February 24, 2010

Two kinds of mothers

I've been brainstorming about mothers for the last 10 years. I grew up in one type of parenting scheme, my husband - completely the opposite. Having experienced and observed both , here is something to think about: interesting and curious.

When we lived in UT, if a woman is not married around 21-23 , there is a lot of pressure to do so. And even more so, once the girl is married , is the pressure to have children. Mothers are typically fall somewhere between 22-25 years old for the firstborn, and by 29-30 they are experts at juggling 3+ kids in between the endless laundry, school, shopping, UT church and everything that comes with it - meetings ,etc, etc. Education is promoted, but... I know very few women , that actually DO something with their education. I am very happy to say, that all my friends are exceptionally talented, and are not only amazing mothers, but are fantastic professionals. However... that is more of the exception. Many others go to school... to get married. It is in the lines ofthe mentality of " doing something until the "right guy" comes along and then be a mother". Don't get me wrong - my view is such: Motherhood is an amazing and wonderful thing. Every women must experience it to be complete. And motherhood - when understood and fulfilled - is a job , no, scratch that, it is A LIFE of itself. What I saw in UT, however, was nowhere close. Whether the pressure to comply with the society and tradition, or the age of itself, but many young mothers , while abundantly blessed with children, see it as a "of course. how else would it be" kind of thing. And ...really do not do anything to raise the children. Yes, kids get older, but... there is more to parenting then just feeding, laundry-ing and homework. The mentality "well, everyone survived" is overwhelming. Not all, but in general, there is a massive lack of simple motherly love and CARE. Kids seem to be added to the family , just because they are "supposed to be", or "ready for another one". Result? Worn out mother with a scrunchy, no ( or run-down ) make up, sweats or whatever-was-first-in-the-closet fashion, and ever-so-tired face expression. Yes , motherhood is tiring. There are no magic tricks or shortcuts ( unless you have an extra bank account just for nanny), and there are days when things can get crazy. BUT. When one is ready for the child, it is different. Yes, work and effort, but you WANT to do it. Just the same as you are happy to pick up the socks that the hubby throws all over the place, the same way you are happy to change a stinky diaper, because you LOVE those who you live with and you live FOR THEM because you WANT them in you life.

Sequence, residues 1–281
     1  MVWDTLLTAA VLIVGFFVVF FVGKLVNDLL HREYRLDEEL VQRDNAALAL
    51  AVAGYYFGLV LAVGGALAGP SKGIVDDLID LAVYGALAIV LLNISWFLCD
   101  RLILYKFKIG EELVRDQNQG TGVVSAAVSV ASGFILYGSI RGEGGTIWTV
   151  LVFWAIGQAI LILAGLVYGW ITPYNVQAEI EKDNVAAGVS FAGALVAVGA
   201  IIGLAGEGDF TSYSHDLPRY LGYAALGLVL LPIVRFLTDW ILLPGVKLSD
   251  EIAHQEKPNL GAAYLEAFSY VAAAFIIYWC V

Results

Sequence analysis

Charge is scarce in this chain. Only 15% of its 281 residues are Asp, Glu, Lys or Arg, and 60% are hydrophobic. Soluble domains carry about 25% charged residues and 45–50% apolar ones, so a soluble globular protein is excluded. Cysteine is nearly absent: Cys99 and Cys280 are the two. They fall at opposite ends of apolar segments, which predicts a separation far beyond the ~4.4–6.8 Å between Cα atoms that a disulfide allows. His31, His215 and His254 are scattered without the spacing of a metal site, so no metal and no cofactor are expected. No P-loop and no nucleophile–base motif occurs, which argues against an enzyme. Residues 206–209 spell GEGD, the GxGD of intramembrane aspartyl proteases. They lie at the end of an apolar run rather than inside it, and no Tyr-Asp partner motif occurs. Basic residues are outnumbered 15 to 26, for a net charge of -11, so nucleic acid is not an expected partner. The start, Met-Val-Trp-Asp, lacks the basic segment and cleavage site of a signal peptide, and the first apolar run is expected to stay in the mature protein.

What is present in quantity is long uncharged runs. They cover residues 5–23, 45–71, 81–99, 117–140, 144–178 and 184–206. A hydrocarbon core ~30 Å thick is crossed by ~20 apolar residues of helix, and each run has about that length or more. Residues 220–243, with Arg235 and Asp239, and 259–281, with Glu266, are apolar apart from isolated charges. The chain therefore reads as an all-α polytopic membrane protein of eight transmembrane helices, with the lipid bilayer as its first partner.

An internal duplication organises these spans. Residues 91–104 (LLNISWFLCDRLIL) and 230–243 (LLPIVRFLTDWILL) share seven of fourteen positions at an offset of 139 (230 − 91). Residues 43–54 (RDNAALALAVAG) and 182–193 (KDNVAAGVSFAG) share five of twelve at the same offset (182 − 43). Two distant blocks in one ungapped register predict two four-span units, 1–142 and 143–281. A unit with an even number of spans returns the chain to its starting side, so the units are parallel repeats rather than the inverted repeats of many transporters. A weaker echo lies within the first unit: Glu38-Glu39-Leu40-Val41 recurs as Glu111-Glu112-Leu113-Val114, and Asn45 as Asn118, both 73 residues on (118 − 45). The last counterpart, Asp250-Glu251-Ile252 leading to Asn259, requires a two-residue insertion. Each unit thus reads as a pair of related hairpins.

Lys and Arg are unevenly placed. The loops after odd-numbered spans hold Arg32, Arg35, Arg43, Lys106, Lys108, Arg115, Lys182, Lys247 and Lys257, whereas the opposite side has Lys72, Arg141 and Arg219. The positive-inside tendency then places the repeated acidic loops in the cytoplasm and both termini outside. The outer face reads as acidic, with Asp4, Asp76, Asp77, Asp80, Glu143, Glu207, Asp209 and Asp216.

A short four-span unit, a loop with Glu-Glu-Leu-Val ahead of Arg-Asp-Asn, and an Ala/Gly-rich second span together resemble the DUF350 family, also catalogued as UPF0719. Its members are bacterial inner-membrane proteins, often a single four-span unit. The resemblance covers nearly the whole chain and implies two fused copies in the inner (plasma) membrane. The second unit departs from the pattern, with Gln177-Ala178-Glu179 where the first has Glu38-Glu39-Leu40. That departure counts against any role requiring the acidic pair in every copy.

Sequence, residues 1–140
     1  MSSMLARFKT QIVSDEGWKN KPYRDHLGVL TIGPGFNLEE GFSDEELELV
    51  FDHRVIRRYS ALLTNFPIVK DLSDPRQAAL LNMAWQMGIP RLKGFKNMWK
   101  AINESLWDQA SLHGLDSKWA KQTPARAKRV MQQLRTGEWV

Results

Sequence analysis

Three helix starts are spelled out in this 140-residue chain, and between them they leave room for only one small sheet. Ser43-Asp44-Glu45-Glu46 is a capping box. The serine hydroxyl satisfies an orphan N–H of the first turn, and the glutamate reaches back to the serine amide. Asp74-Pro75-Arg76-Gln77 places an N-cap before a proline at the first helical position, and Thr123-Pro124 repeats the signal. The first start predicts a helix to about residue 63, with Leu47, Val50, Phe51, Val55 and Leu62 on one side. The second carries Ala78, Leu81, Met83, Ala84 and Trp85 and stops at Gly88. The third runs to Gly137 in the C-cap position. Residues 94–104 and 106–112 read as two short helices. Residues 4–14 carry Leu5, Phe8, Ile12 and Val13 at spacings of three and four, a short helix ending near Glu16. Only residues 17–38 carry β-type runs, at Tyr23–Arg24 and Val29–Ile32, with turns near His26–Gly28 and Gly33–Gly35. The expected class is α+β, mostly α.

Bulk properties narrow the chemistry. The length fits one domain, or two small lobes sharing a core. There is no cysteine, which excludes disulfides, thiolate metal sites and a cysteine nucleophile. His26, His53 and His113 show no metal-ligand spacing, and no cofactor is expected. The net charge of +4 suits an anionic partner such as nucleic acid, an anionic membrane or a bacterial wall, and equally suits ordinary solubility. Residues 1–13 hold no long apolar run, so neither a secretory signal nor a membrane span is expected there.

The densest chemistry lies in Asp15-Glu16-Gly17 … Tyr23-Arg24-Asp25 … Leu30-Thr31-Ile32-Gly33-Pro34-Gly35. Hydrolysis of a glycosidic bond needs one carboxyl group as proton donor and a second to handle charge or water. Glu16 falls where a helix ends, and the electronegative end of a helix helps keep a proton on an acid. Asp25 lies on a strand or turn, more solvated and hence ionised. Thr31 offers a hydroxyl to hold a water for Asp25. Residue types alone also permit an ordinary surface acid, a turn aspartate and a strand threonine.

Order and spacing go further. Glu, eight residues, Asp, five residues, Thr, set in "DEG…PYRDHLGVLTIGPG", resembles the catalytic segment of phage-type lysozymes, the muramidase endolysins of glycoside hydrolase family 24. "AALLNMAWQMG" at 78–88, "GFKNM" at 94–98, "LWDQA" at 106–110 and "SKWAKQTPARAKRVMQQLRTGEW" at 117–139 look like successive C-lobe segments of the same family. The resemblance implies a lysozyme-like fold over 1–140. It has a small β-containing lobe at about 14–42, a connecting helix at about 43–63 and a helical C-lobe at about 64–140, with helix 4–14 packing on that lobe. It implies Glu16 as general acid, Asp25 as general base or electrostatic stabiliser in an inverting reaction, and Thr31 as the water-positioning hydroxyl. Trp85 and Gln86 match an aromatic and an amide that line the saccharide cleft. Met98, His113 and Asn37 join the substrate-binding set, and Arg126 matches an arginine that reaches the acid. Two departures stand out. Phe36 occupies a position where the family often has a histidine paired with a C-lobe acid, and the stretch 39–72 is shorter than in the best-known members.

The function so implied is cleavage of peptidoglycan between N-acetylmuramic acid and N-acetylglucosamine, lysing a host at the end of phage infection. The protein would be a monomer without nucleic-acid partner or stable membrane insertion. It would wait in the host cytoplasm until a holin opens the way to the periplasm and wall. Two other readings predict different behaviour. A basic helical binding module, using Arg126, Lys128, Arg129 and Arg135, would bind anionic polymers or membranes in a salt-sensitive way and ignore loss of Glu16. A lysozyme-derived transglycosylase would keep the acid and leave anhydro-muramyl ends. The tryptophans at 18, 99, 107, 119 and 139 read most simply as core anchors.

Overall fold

There is a difference of having a child be a center of one's life because it is desperately WANTED , vs the fact that... one does not know what else to do with life except for cooking both :food and children. It makes me wonder - how much and WHAT can be given to a child in such environment? The exceptions of love , care and unconditional parenting a few and rare.
Is it the age? The environment and social ( and religious) pressure? Both?

On the other hand, here in NYC, and in Europe, where I grew up, I see the opposite. Mothers not even thinking about the first child until 30, with very typical first-born ( if not the only born) at around 36. To that , there needs to be added , that at 38 women here look better then 25 "standard utah age". Motherhood approach differs significantly. There is a completely different outlook on parenthood. While many women had very successful careers before the baby, many devote themselves to one's( many times one and only) child. The interesting observation that came up from talking to other mothers is the fact that ... the reason for many stopping on , let's just say , two children, is not the age, or the finances ( as many are exceptionally stable - which one cannot say about "typical" starting family) , but the reason is this : "have no more energy to play, to run, to teach..." . I see mothers AND fathers running on the playground with the child/children, playing tag, hide-n-seek, etc all over the place. Children are surrounded by love and attention, and definitely know that they are loved and wanted.

In thinking about both types of parenting... my personal preference is a mix. It definitely is easier to recover from the pregnancy with younger body, even simply from physiological point of view. But there must be understanding of responsibility one takes upon him/herself by bringing even one child here, which comes from maturity. On top of everything that children need to learn to be successful in life ( that can only come from a parent who is prepared and willing to do whatever it takes to teach a child) , they most and foremost , need LOVE. The kind that only is possible to give if one is READY to love. Unconditionally and completely. Through tantrums and kisses. Through happy laughs and upset tears. Through cooing and teething. Simply "just because". It is a kind of love that does not require something to love for. You just DO. When "ready" - neither age nor experience matter. And at the same time, when family is created because of "tradition", "supposed to", or social ( and/or family) environment and pressure, there seems to be a need for a "reason" for loving a child. Or better yet - for KEEPING one around. My view : giving birth to 10 kids but living in such mentality does not make one be a good parent no matter what age the parents are. Children are responsibility. From the day they are born, til the day you die. They change your life the way you never thought was possible to live, adding the whole new understanding to happiness. If you decide to have one - give your child more then you have ever thought was possible. This is the only way to repay God for the most miraculous blessing and joy He gifts us: a loving family. And a four toothed bite is really the best body art ever created.